The post is absolutely fantastic! Thanks for sharing about About Hairballs.

It’s nearly impossible to find knowledgeable people on this topic,
however, you seem like you know what you’re talking about!

petrolleum jelly works wonders!

Our cat, Lucifer is an ordinary house cat, we have him for 5 years now, and we never noticed any hairballs at all. Which I find really concerning, since of course he grooms himself, and does sometimes the weird coughing noises too, but nothing ever comes out.
In the last year, he is outside almost every day, but I hardly believe he had any hairballs there, since the coughing sounds are still happening with nothing coming out :(

I have had my cat NANA for over 5 years and she has never had hairballs, i was wondering if that was a problem but she is in great health, fat and lazy. But we love her and she gets along great with our 2 female Pomeranian dogs , she also is a female cat. She is a great cat who kills spiders and bugs that find their way in our home. But i was wondering if no hairballs normal? But i see she is a healthy cat.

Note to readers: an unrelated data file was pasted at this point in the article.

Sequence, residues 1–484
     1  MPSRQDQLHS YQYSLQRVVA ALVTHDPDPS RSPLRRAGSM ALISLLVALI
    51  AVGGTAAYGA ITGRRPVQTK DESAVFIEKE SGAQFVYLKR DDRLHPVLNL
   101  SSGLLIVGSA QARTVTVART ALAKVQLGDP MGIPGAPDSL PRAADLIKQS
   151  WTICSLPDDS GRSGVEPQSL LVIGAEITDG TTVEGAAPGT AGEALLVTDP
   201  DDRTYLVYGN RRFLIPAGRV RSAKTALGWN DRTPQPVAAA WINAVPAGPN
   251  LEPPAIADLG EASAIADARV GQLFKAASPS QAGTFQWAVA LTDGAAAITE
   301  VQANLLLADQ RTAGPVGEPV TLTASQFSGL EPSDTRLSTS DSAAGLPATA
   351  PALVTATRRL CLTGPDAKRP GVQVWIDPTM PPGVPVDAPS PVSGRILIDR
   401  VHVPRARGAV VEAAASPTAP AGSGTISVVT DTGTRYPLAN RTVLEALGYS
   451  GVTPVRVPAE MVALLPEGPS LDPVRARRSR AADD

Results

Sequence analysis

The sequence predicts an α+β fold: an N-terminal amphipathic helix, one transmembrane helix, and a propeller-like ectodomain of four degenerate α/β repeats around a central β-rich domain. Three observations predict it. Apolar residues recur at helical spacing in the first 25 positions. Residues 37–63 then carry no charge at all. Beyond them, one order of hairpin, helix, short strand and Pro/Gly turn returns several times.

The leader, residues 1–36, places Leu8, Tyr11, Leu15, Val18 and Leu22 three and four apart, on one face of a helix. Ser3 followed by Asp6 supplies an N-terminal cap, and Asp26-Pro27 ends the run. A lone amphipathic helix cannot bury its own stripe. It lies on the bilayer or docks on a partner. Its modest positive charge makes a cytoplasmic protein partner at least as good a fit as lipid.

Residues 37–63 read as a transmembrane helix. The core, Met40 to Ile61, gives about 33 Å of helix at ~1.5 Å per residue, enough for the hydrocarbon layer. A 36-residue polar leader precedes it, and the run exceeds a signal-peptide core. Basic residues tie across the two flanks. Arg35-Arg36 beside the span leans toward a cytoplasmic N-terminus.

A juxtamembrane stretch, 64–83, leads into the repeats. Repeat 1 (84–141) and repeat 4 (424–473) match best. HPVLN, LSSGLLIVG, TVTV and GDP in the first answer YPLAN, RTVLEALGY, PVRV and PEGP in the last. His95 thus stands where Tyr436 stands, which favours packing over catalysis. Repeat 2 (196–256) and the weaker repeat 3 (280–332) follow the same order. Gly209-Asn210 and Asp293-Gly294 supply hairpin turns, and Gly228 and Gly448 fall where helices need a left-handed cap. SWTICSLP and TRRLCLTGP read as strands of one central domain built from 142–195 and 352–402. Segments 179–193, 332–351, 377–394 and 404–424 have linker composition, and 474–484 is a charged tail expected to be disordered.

Hi Carolina,

Nana sounds like a real sweetheart. Some cats never have hairballs, and that’s completely fine. You know what’s normal for your cat. My cat Lily is a DSH (domestic shorthair), and she almost never gets hairballs.

You really only need to worry if your cat has too many hairballs, or if your cat stopped hacking up hairballs and there are other medical symptoms.

Thanks for reading!

I noticed that when Tyson try’s to cough up a hair ball or maybe looks like hacking up one. The back of his body moves and, then when he’s finished there’s nothing. It’s like it doesn’t want to come out. He’s a little over weight 18 lb for a 11 year old tuxedo cat. BTW: My mom emailed me this site. I recorded the video just incase. Sounds weird but we live in an apartment in NYC. Thx

Hi Erin,

He could have a large hairball that’s working its way out. Get Tyson to your vet if he develops any other symptoms or just doesn’t seem like his normal self.

You can also have your vet check for signs of feline asthma or a respiratory infection.